|Fuel Up to Play 60. butter sculpture by Jim Victor of Conshohocken, Pa.|
Jim Victor of Conshohocken, Montgomery County, has been an artist and teacher for more than 30 years. His sculptures appears in public and private collections, including the Jimmy Carter Presidential Library. He works in wood, bronze, terra cotta, butter, cheese, chocolate, and vegetables.
1,000 pounds of delicious art
Jim has traveled all over the United States and even China to unveil his unique take on sculpting. What he is getting press for right now is the nearly 1,000 pounds of butter that he turned into Fuel Up to Play 60, the centerpiece of the 95th Pennsylvania Farm Show which opened Saturday.
The piece shows a dairy farmer bringing milk to children playing on a jungle gym and tossing a ball with a football player. It recognizes the dairy industry's partnership with the National Football League, which encourages children to eat a balanced diet including low-fat milk and dairy foods filled with essential vitamins and minerals, and be active for at least 60 minutes each day.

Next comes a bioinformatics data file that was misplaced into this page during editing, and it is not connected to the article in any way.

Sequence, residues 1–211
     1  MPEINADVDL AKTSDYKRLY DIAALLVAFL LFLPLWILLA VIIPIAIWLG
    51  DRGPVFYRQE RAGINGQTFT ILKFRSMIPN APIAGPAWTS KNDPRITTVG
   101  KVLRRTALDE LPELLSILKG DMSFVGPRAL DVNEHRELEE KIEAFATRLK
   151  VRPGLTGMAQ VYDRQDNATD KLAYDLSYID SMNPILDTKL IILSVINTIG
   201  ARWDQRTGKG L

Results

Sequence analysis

Jim began crafting the life-size piece in mid-December and finished just in time for the Farm Show. He created it from butter donated by Land O' Lakes in Carlisle, Pa.
If you want to see the piece in person before it is converted into biofuel at Penn State, you can swing by the the Pennsylvania Farm Show Complex and Expo Center in Harrisburg through Jan. 15. Admission is free and parking is $10.
The 2011 Pennsylvania Farm Show is the largest indoor agricultural event in the nation, featuring nearly 6,000 animals, 10,000 competitive exhibits, and 290 commercial exhibitors.
Rich History in Butter Sculpting
Butter sculptures have been a long-time tradition at the farm show, but Pennsylvanians aren't alone in their love of butter sculptures. During winter festivals, Tibetans mold butter into various forms that depict the life of Buddha. The butter for these sculptures, from yak or goat milk, is snowy white and can have pigments added to color the sculptures.
Does your area have a unique food/art tradition?